Day: March 20, 2024

Gambling As an Illness

Gambling is an activity in which a person risks something of value, such as money or property, in an attempt to win a prize. This may be as simple as betting on the outcome of a sports event, or it could involve a much higher stake, such as investing in stocks or bonds. Gambling can also be conducted with items that have a monetary value but do not represent actual money, such as marbles or collectible card game pieces. It is a common form of entertainment and can be found in many casinos, restaurants, pubs, and other social venues.

For some individuals, gambling provides an outlet for feelings of boredom, stress, anxiety, depression, grief, or fear of loss. Others find excitement and suspense in placing a bet or playing casino games. Gambling can be an entertaining and enjoyable hobby, but for some, it becomes a dangerous addiction that causes serious harm to their physical and mental health, relationships with family and friends, performance at work or school, and can lead to financial ruin.

Psychiatrists now recognise gambling disorder as an illness, and the condition has been included in DSM-5, the diagnostic manual for mental disorders. It is similar to substance-related disorders in terms of clinical expression, brain origin, comorbidity and treatment.

Some people can overcome gambling problems on their own, but for most, professional help is needed. Various types of therapy are used to treat this disorder, including cognitive behavioral therapy, psychodynamic therapy and group therapy. It is also helpful to address any underlying mood disorders, such as depression or anxiety, which can both trigger gambling problems and be made worse by them.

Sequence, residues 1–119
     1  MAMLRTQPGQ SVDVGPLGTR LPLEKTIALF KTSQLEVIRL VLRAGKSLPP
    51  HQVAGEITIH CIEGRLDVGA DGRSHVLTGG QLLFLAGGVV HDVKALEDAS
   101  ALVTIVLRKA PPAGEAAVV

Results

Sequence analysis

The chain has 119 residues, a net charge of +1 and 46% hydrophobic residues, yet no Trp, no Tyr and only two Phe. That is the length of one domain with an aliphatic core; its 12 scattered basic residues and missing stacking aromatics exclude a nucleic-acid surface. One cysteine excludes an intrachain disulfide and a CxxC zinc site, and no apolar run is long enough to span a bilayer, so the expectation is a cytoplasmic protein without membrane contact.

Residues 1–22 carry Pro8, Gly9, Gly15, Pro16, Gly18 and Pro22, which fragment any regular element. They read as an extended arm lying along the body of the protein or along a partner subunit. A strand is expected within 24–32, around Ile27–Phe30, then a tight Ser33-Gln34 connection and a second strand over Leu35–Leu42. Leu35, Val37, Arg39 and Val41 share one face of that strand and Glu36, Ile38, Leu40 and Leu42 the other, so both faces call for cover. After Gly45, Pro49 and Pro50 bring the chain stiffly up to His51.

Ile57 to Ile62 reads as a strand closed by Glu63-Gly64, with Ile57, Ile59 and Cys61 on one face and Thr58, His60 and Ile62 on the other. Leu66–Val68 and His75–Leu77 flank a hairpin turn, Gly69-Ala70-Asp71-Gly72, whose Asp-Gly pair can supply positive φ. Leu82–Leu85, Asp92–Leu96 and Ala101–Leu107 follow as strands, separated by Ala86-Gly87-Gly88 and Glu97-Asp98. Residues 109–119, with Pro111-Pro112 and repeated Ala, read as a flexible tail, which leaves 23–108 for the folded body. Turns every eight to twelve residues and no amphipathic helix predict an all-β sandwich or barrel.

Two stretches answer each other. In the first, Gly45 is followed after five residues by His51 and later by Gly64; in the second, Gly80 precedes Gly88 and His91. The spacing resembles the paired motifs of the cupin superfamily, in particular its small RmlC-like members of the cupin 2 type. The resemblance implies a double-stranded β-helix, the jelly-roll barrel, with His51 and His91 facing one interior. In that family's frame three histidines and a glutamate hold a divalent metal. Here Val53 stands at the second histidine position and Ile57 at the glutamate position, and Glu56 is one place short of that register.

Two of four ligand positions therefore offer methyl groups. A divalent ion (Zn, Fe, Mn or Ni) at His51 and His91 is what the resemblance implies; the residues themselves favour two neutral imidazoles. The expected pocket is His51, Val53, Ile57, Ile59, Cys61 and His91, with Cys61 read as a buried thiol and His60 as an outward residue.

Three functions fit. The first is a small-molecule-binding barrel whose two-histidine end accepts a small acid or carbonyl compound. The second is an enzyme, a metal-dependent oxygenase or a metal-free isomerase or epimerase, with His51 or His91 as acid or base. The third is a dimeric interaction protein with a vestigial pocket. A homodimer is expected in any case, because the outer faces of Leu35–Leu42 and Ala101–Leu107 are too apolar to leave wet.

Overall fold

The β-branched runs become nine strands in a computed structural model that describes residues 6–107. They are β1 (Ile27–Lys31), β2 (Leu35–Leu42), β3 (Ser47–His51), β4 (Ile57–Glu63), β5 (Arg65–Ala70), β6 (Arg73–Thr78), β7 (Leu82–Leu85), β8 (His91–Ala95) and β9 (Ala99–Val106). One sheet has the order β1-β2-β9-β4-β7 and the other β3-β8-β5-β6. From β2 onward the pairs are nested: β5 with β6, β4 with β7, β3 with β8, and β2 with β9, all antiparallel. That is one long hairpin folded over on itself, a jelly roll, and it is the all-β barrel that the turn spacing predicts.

Many people who struggle with gambling are unaware that they have a problem. They may hide their gambling activities or lie to friends and family about how much they spend on it. They may also try to distract themselves from the urge by using other substances or focusing on their hobbies. Ultimately, the only way to overcome gambling addiction is to seek help.

It takes tremendous courage to admit that you have a problem, especially if the behavior has cost you significant amounts of money or has damaged your relationships with family and friends. It is important to have support from friends and family, but only a trained therapist can provide you with the tools you need to change your behaviors. BetterHelp is an online therapy service that matches you with a licensed, accredited therapist who can help you deal with gambling addiction and other issues. Take our assessment and get started in as little as 48 hours. Start your journey to recovery today.